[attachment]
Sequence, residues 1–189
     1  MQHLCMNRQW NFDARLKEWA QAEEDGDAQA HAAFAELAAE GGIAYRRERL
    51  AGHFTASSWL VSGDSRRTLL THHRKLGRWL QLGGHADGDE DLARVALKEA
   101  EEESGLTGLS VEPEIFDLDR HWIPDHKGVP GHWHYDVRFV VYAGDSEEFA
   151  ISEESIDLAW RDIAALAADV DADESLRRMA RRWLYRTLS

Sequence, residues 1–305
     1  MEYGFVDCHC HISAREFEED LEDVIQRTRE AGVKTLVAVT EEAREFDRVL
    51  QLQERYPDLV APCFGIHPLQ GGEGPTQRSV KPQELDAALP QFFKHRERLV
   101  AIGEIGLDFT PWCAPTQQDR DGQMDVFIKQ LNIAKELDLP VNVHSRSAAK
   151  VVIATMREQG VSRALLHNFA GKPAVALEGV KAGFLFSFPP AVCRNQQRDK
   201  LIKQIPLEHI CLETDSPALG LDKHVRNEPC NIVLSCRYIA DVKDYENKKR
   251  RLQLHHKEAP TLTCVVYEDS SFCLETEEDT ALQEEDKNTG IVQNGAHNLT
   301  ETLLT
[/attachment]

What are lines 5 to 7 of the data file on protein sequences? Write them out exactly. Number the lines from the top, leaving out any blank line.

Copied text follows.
   151  ISEESIDLAW RDIAALAADV DADESLRRMA RRWLYRTLS

Sequence, residues 1–305
     1  MEYGFVDCHC HISAREFEED LEDVIQRTRE AGVKTLVAVT EEAREFDRVL